Photo courtesy Bangkok Joess
Photo courtesy Bangkok Joess

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A lengthy meal of appetizers and cocktails ended with some pretty harsh words from a group of eight diners at Bangkok Joe’s in Georgetown on Aug. 5. “My dog wouldn’t eat this food,” one of the diners spewed when the check arrived, according to chef/ownerAulie Bunyarataphan. This struck Bunyarataphan as odd, because the group had eaten every morsel, with the exception of one spring roll and one potsticker.

Bunyarataphan says a server checked on the table periodically throughout the meal and there were no complaints. “Everything was fine until we put thebill down, which was close to $250,” she says. “They even ordered a repeat order of spring rolls.” Despite the fact that five of the eight diners submitted credit cards, there’s a chance the group may get out of paying for the meal.

That’s because the diners wrote “bad food” and “disputed” in large letters all over the credit card slips and crossed things off. Bangkok Joe’s elected to run the cards anyway, since the diners signed the checks. Now they sit and wait to hear if the charges are going to be disputed by the diners’ credit card companies. “So far, we don’t know yet,” Bunyarataphan says.

“This has been happening so many times,” she adds. “I don’t know if it’s because it’s summer, but people try to take advantage of us.” She says the incident is part of an epidemic of diners angling for free food. “The customers, they get in the habit of complaining so they get away with free food, and that’s not good. We didn’t do anything wrong, and the profit from restaurants is very small.”  

She describes several other examples, including one in which a fly landed on a whole fried fish that diners were enjoying on the patio. The restaurant comped the fish because of the fly’s unfortunate landing pad, but the diners thought the whole meal should have been free, Bunyarataphan recalls. Fight back, she says, and you risk incurring a one-star Yelp review.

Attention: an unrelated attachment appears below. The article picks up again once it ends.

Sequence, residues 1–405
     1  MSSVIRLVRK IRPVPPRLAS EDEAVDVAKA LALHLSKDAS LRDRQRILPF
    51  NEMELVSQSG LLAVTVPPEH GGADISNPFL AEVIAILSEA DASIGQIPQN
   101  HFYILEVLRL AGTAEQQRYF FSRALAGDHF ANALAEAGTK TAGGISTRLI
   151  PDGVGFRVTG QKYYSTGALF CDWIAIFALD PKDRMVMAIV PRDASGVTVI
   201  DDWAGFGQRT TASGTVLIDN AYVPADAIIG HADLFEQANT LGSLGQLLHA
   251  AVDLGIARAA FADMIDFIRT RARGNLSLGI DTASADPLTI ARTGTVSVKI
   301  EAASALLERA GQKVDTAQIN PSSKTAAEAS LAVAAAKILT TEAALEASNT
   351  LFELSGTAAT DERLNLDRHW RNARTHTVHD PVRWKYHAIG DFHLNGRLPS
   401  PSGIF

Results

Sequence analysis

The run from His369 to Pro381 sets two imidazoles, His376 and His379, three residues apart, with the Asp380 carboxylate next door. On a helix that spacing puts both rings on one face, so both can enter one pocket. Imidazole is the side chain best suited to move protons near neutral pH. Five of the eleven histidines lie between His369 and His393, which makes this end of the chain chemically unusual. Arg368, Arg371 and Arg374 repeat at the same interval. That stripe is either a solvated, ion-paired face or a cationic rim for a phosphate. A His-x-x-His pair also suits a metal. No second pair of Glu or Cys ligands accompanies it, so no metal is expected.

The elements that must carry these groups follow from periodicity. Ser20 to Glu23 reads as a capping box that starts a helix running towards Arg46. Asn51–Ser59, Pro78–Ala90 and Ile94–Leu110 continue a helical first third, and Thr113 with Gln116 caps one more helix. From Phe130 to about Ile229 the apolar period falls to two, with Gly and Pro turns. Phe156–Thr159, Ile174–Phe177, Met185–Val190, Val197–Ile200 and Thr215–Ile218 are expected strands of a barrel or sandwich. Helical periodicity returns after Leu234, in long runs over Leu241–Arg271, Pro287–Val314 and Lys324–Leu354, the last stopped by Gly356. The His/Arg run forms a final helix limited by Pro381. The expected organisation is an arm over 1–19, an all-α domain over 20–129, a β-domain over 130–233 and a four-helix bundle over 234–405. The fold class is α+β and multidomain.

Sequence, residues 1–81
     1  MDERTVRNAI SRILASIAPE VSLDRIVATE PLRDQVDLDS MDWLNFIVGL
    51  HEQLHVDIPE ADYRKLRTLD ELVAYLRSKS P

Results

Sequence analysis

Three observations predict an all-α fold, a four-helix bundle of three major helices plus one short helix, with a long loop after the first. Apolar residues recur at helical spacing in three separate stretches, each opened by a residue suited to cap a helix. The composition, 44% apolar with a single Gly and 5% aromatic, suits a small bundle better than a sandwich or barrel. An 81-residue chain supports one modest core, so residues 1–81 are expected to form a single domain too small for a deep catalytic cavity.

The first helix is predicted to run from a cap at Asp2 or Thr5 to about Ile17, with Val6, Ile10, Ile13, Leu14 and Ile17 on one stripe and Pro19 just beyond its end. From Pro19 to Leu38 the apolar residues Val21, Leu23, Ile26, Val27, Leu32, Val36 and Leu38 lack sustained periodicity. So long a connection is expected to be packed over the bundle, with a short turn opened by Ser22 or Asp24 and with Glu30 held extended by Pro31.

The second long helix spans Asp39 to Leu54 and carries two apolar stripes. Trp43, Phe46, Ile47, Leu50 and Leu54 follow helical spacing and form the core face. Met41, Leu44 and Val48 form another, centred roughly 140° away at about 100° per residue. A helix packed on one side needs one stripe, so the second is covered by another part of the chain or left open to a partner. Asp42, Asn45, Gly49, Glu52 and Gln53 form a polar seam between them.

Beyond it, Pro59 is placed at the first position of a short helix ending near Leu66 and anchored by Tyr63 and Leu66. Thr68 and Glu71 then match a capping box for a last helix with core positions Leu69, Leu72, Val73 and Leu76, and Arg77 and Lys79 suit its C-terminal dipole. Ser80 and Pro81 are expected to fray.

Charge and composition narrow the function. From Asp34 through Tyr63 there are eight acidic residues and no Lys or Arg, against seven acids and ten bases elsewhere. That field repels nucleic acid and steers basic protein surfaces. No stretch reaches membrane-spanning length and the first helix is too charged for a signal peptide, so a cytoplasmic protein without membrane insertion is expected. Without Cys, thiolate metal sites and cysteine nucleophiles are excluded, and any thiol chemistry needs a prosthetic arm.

In addition to complaining with the hope of securing freebies, diners still complete the old fashioned dine-and-dash with surprising frequency. Chef Alex McCoy of Crisp Kitchen + Bar and Tchoup’s Market estimates that it happens about once a month. “We train the staff to look for warning signs like uneasy or nervous patrons, and if there are multiple people at the table that get up or split up,” he says. “It’s a fairly common restaurant practice.”

Chef Travis Weiss of Rebellion DC and The Commodore Public House & Kitchen echoes McCoy, saying it happens about once or twice a month. “It happens from time to time, honestly it’s not usually intentional, but more so the bourbon’s fault,” he jokes.

If servers trained to catch shifty patrons miss a beat, there’s always social media. Chef/Owner Dean Gold of Dino’s Grotto shares an incident that happened in March. “A party who had used a credit card to secure their reservation did the old going-out-to-take-a-smoke-break-and-left routine,” Gold says. He ran the bill because he had the card on file, and their snap happy fingers made it difficult to dispute the charge later. “They had posted to social media with our hashtag, so we had proof in case they tried to charge it back! I guess if you are smart enough to run out on your check, you may not be smart enough not to post to social media.” 

Gold explains that they were shorted only a little because when a restaurant keys in a credit card number for authorization, it must pay a 1 percent credit card fee. But other times, diners behaving badly can cost restaurants hundreds of dollars.